Thursday, February 16, 2012

Indian Railways for the disabled


It was going to be a train trip for me soon after a long time. I was traveling to Puttaparthi by Karnataka Express for darashan of Sri Satya Sai Baba along with my father who is a staunch devotee.  For a number of people train travels were something to look forward to and enjoyable. In fact they were enjoyable for me to till I became severely disabled having to use a wheelchair. Since I became disabled I tried to avoid train travels as much as possible but considering that it was the most affordable means of travel I was forced to use it on occasions.

My father made the bookings well in advance. The railways gave a considerably large concession on the ticket for the disabled traveller and one escort traveling with them making the travel very cheap. We had heard about a ‘Handicapped Coach’ that the railways had introduced in every train. But it was an unreserved coach so a disabled passenger could not reserve it and as a matter of safety and convenience a disabled person would rarely travels unreserved, therefore this coach was useless for us as it still remains to be for most disabled travellers.

Coach for disabled about 2 feet high and a feet away
from the platform without a ramp
I was happy for not having access to this ‘Handicapped Coach’ that the Railways had so generously provided. Firstly the coach was a second-class coach and considering in the scorching heat in May we were going to travel air-conditioned. Secondly the design of the coach was not exceptionally accessible – boarding the train was still going to be difficult and using the toilet was still going to be impossible. The most important reason why I was happy not using this ‘special’ facility was because I did not want to be singled out along with my family and placed separately. I found the entire concept discriminatory. In my mind it was like the British Raj where Indians were not allowed in the same compartment as the British, here the disabled travellers being same as the Indians.




State of the toilet in the coach for disabled people
One of the main preparations for me before a train travel apart from packing was organise my bladder and bowel as the toilets in the train are inaccessible to a disabled person like me. Just because the Railways have designed their coaches to be so inaccessible to the disabled most people with disabilities are faced with this challenge. Considering it was a two-day journey, I needed to stop my intake of food and liquids nearly two days before commencing the journey. It is not easy to do so because as dehydration sets in one begins to feel weak. Needless to say I needed to keep the intake to bare minimum throughout the journey.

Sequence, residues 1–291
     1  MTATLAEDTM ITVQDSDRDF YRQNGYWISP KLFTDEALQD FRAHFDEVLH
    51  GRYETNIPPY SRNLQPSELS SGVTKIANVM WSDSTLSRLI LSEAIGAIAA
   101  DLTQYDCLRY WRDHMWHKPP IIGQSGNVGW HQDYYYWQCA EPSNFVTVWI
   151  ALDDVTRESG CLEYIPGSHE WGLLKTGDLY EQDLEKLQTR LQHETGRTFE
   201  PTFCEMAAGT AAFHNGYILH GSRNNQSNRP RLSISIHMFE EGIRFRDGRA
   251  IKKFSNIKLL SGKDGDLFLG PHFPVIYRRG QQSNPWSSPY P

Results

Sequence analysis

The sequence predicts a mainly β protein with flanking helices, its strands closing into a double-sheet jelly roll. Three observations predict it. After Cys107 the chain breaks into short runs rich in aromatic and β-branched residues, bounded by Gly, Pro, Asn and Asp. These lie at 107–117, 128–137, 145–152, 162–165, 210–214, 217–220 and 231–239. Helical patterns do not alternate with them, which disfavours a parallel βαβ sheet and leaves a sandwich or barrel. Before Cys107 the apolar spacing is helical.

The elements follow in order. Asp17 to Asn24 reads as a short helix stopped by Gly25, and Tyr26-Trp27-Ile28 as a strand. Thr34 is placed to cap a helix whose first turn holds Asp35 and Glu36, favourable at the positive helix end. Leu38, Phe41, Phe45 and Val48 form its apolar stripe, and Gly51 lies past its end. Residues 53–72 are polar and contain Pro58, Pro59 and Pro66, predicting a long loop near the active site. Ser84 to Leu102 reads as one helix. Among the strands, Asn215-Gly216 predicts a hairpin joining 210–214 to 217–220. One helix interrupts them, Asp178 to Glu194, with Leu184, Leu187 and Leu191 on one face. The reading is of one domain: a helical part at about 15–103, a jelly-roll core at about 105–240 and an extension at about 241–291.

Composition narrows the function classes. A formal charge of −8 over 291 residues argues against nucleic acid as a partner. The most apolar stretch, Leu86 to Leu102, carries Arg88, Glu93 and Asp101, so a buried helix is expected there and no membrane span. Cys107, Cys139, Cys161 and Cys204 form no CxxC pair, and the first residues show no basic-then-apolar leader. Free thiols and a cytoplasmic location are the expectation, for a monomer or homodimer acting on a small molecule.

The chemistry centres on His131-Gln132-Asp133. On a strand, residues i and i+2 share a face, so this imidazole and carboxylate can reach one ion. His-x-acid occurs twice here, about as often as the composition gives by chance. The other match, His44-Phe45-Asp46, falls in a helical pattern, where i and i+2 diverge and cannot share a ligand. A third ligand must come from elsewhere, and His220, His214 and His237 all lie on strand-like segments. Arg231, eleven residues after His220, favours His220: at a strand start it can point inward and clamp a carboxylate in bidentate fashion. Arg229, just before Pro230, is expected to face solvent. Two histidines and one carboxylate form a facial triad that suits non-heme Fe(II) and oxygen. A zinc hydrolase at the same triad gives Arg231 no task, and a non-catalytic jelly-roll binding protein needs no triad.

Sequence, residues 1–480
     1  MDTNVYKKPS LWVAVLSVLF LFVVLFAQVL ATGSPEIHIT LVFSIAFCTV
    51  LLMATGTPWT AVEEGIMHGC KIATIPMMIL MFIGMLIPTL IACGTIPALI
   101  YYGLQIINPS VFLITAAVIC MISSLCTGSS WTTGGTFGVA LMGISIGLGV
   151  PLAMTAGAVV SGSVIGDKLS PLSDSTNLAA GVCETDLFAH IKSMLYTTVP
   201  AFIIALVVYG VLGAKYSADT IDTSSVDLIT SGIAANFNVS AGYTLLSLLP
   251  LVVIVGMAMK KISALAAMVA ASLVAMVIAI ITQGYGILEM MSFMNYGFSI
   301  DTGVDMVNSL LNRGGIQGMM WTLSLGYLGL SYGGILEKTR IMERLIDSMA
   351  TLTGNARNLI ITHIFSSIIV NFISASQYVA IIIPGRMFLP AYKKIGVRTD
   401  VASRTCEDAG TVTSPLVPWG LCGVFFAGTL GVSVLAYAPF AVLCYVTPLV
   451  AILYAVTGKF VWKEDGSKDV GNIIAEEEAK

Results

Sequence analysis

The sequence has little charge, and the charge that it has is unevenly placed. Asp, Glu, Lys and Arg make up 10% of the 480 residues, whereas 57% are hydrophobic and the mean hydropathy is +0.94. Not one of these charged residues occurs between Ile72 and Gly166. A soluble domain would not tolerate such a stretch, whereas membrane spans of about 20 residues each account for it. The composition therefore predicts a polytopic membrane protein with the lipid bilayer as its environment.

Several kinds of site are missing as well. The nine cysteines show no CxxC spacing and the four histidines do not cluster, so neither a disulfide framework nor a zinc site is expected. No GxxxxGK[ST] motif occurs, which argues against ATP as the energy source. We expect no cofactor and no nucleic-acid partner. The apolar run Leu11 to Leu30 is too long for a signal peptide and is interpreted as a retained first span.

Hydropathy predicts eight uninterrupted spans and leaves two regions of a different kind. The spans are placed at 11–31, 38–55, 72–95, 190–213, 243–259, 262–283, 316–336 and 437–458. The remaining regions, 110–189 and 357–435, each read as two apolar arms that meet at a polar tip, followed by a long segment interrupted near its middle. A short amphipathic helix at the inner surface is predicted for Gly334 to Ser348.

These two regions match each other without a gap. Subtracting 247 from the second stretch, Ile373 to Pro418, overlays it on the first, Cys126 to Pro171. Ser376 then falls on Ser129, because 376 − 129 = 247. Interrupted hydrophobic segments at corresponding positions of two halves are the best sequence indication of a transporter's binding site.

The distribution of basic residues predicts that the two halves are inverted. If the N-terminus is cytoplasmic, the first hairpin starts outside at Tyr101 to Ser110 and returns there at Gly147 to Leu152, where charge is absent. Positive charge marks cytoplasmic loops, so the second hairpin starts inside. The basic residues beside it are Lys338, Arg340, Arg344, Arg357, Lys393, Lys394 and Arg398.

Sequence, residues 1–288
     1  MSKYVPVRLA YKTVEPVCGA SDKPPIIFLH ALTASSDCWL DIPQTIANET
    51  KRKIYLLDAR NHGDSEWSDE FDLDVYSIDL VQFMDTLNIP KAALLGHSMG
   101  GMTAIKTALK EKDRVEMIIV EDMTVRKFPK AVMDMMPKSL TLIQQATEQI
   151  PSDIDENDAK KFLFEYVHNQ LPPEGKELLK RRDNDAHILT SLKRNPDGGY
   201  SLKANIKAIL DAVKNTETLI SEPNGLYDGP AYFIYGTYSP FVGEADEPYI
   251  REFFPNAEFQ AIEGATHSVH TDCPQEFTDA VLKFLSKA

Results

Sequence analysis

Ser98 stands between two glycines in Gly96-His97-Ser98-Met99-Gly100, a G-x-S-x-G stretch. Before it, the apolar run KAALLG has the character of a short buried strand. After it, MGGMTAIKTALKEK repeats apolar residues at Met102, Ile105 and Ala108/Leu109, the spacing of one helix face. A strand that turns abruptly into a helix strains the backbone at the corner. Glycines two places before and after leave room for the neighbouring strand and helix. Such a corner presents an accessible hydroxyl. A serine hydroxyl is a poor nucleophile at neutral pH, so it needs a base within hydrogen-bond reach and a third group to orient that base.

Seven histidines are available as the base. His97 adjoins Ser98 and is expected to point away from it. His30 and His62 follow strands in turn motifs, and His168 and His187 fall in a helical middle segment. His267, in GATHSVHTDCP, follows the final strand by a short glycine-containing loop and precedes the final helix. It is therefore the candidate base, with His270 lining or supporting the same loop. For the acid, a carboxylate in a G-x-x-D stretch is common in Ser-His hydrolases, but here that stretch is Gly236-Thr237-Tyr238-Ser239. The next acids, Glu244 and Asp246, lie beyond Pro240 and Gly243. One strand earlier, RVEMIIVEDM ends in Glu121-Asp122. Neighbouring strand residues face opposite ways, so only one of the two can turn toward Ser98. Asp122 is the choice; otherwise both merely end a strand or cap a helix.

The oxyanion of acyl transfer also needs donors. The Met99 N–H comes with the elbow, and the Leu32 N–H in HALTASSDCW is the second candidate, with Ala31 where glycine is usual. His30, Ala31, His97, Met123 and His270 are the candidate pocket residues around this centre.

Overflowing drinking water facility
This I must point out is just the beginning of the difficulties to travel be train. The Railways is proud of making its large stations accessible to disabled people, but here again there is much to be done. During a visit to the New and Old Delhi railway stations recently, I was amazed at the bizarre on ground implementation of these access features. The low drinking water sink was blocked and overflowing with water. The accessible restroom was located in the ladies waiting room making me wonder where a disabled man was supposed to go.  As for the condition of the special waiting room the lesser said the better.

crossing over tracks


In this entire thread of thought while making stations more disabled friendly there is no concern for the safety of disabled passengers. The basic issue of inter-platform transfer seems to have been entirely ignored. For instance, whenever I’ve travelled by train, I have always been taken as luggage over the railway tracks by a coolie, putting me as a passenger at a higher risk of accidents than anybody else. What disheartens me most is when I often read in news papers that the Railways in its understanding is sanctioning money to install escalators in various stations for the benefit of disabled people while it’s a internationally recognised norm that people using wheelchairs are not allowed to use escalators. A rule followed by the Delhi Metro and the Airports in India but happily ignored by the Railways. This again is an indication towards poor safety concern for the disabled.